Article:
We're racing through history!
Ron has a new girl this season, a 3-ton rear-engine beauty with sophisticated curves and a 170-mph yen to be '66 champion.
By Ron Musson, world champion driver, unlimited hydroplanes
Reprinted from Popular Mechanics, March 1966
Unlimited Hydroplanes are the world's fastest and largest competition powerboats, and this year I'm driving a brand-new one of radical design.
Some people think the new Miss Bardahl is too far out, too extreme. I disagree. In its first trials on Lake Washington early this year the boat felt smooth and sure. Since then I've been working in up to faster and faster speeds.
This is a sport that's full of contradictions. The unlimiteds are the elite of racing, yet it's a brutal, punishing sport that's hard on the drivers and even harder on the boats. Last year the existing Miss Bardahl won $47,875 in prize money, yet we spent close to twice that amount to win the purses. For a power-plant we use a sturdy, reliable Rolls Royce engine that weights a full ton, yet we run it so close to the ragged edge that we usually change engines after two heats, say about every 30 miles of competition. An unlimited charges down the straight-away at upwards of 170 mph, compared to the top speeds at Indianapolis, and yet we average no more than 110-115 mph around an oval three-mile course.
That last sentence spells out the reason for the new boat. The old Miss Bardahl won the Gold Cup and the national championship for the last three years on a row, yet like all other conventional unlimiteds her speed drops to around 90 mph in a turn. We want a boat that could go through a turn at 100 mph or more.
To get it, Ole Bardahl commissioned Ron Jones to design the world's fastest unlimited hydroplane. Ron is the son of the brilliant Ted Jones who designed the famous Slo-mo-shun unlimiteds, and Ron has taken up where is father left off.
The new hull is designed to go into a turn faster without mushing down and to come out of the turn faster. It's also designed not to "kite" - that is, if the nose rises up, the tail should rise too. Otherwise the boat could flip over on its back or begin a porpoising motion that could end in a nose-first dive that would shatter it into matchsticks. (Driving technique comes into this, too. If I back off the throttle too fast, the tail could dig in and the nose rise. We'd be airborne.)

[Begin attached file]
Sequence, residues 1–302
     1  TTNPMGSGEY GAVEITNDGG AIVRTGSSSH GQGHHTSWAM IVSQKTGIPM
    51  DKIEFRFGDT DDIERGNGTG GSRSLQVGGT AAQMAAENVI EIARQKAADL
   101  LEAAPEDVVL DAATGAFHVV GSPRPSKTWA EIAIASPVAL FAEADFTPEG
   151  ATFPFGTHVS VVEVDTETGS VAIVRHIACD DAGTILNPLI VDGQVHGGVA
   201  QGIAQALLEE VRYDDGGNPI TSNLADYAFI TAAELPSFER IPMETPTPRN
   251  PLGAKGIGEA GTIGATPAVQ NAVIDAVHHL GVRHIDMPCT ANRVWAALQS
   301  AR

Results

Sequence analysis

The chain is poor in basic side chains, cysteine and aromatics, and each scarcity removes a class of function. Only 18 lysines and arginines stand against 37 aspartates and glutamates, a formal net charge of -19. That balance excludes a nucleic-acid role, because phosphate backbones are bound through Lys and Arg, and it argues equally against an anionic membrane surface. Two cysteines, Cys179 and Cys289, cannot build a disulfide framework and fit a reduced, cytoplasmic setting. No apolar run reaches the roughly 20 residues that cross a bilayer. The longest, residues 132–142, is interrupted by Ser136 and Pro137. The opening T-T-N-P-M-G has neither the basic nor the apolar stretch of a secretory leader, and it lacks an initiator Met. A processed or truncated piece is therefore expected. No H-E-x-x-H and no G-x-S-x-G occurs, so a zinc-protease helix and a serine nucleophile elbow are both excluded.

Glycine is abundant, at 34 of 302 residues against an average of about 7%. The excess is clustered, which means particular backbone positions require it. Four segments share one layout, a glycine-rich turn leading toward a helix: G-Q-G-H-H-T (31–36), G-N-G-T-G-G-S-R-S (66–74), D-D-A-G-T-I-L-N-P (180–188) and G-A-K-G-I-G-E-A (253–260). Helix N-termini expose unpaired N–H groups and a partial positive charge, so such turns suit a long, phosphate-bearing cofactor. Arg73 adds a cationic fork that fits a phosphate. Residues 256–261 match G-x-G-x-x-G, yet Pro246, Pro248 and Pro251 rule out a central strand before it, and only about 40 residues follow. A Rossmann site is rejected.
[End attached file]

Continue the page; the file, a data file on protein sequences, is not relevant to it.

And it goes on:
To obtain this paragon (and we don't know that we have it yet) Ron Jones blended a great deal of hydrodynamic and aerodynamic design into a boat that is 32 feet long and weighs over three tons.
The biggest change that he made was to move the engine aft where it can sit lower in the hull. This allows a lower profile and it also lowers the center of gravity, which all by itself allows faster speeds in the turns. Most of the other changes were made simply to keep the boat fast and stable in spite of the changed engine location.
The deck is curved fore and aft, and from side to side, to create maximum aerodynamic lift. The cowling that houses the cockpit and the engine, similarly, starts at the nose and extends all the way back to the vertical stabilizer, to provide a clean air flow and contribute to lift. The afterplane (the portion of the hull that extends aft of the sponsons) is widened to nine feet to increase the lift.
In most unlimiteds the vertical stabilizer or air fin creates quite a bit of drag. For our new boat, Jim Raisbeck, a Seattle aerodynamicist, made use of a NASA airfoil section to design a stabilizer of minimum drag.
The outboard sponsons of a hydroplane are deeper than the rest of the hull. In effect they create a tunnel, and the air that flows through this tunnel helps lift the hull up out of water. The flat bottom of the new boat is rockered just a bit at about the halfway point to help retain this air under the afterplane.
The engine is placed so far back that for the first time in unlimited racing we are using a V-drive. The engine drives a gear box located just behind the cockpit, and the propeller shaft extends aft from the gear box. The big gears and their housing weigh 350 pounds, and the gear box has its own self-contained oil supply and its own water-cooling system. These are vitally necessary, for the gears have a ratio of 1 to 3, and they turn the propeller shaft at up to 12,600 rpm.
The usual unlimited's propeller shaft is supported under water by a vertical strut attached to the hull and this strut creates a lot of resistance when the boat is sliding through turns. Jones designed a V-strut that is something like a small hydrofoil for the new boat. It gives a small amount of lift to the stern all the way through a turn.